Monday, March 27, 2017

Middle Grade Fiction: Gangsta Granny


Title: Gangsta Granny
Author: David Walliams
Publisher: Harper Collins Children's Books, 2011. 297 pages.
Source: Library

Publisher's Blurb:
Another hilarious and moving novel from David Walliams, number one bestseller and fastest growing children’s author in the country. A story of prejudice and acceptance, funny lists and silly words, this new book has all the hallmarks of David’s previous bestsellers.

Our hero Ben is bored beyond belief after he is made to stay at his grandma’s house. She’s the boringest grandma ever: all she wants to do is to play Scrabble, and eat cabbage soup. But there are two things Ben doesn’t know about his grandma.
1) She was once an international jewel thief.
2) All her life, she has been plotting to steal the Crown Jewels, and now she needs Ben’s help…
My Review: 
I got this book thanks to our March 2017 Goodreads GMGR group read. It was a bit different this time: we were all supposed to pick books we thought had a particularly regional appeal, and might not do so well in other places. I flopped at thinking of something from my region, and I loved the blurb on this one chosen by Jemima Pett, so I read it.

First off: Though this is a distinctly British book, the fact that I find it, and most of Walliams' books, in my county library system in California suggests that maybe it's not *too* much limited to a local appeal! And I delighted in the fact that it bucked the recent trends, and the "Britishisms" in the book weren't translated for the poor, stupid American kids (can you tell that's a pet peeve?).

So, was it a good read? You bet! I enjoyed the well balanced humor and action, the valuable messages hidden inside the humor, and the generally just slightly absurd take on life. In that sense, I think it is definitely a British book, in the tradition of Douglas Adams and Terry Pratchett, even P. G. Wodehouse. So if you think those folks are just too weird for words, maybe this won't be your book. But if you're open to a fun romp with some life lessons wrapped up in absurdity, go for it.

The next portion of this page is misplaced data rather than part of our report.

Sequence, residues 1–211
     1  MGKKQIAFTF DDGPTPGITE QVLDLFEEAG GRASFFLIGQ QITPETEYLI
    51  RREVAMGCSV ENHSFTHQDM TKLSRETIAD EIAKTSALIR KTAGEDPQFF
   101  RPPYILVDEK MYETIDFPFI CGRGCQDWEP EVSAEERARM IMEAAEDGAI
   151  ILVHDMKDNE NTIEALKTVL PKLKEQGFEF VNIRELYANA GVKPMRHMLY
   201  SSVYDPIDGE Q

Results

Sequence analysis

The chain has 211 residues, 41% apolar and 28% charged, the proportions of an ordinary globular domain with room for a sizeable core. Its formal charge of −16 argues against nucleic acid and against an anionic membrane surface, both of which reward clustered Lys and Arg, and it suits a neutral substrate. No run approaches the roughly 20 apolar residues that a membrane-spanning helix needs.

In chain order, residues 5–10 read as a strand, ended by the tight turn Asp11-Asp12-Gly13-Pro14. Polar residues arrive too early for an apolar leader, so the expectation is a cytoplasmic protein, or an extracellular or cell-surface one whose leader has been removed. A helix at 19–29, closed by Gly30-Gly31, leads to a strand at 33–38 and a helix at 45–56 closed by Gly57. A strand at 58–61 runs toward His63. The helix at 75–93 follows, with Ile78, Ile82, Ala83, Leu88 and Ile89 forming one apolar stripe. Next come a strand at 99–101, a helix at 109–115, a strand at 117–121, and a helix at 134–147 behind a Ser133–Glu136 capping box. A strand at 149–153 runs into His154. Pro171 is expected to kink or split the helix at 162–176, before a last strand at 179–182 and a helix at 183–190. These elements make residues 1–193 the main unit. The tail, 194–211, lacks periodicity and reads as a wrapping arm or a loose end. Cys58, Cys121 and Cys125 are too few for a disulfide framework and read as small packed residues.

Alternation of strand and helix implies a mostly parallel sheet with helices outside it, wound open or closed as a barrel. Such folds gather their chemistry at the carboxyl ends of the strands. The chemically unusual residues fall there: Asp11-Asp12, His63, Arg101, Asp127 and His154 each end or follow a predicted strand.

What else can I say? The plot is absurd, but it knows it and it means to be. I laughed aloud more than once as I zipped through this in a single sitting (despite the page count, the font and layout means it's not a terribly long book. I read it in under 2 hours). And I cried a little, too. Oh, and squirmed like crazy when poor Ben found himself on stage. The writing is at times self-reflective, with asides to the reader that also bring a smile or a laugh. I felt like Walliams has a pretty good idea what makes kids tick.

My Recommendation:
Like I say, good for those who appreciate the absurd. I think it's a book that will appeal to reluctant readers, maybe especially boys but also a lot of girls. There are lots of great pictures, by Tony Ross, and great adventures with Granny! Reading level struck me as being about 8 and up, and interest level similar--the older the reader, the more they will get from it, but young kids will enjoy the romp.

FTC Disclosure: I checked Gangsta Granny out of my library, and received nothing from the writer or publisher for my honest review.  The opinions expressed are my own and those of no one else.  I am disclosing this in accordance with the Federal Trade Commission's 16 CFR, Part 255: "Guides Concerning the Use of Endorsements and Testimonials in Advertising."  


  1. Good to know it does travel. My review is my G post for the A to Z Challenge :)

    1. I look forward to it, though I suspect I got a sense of it from your comments in GMGR. I guess to really know how it plays around here I'd have to get one of the local kids to read it and let me know!


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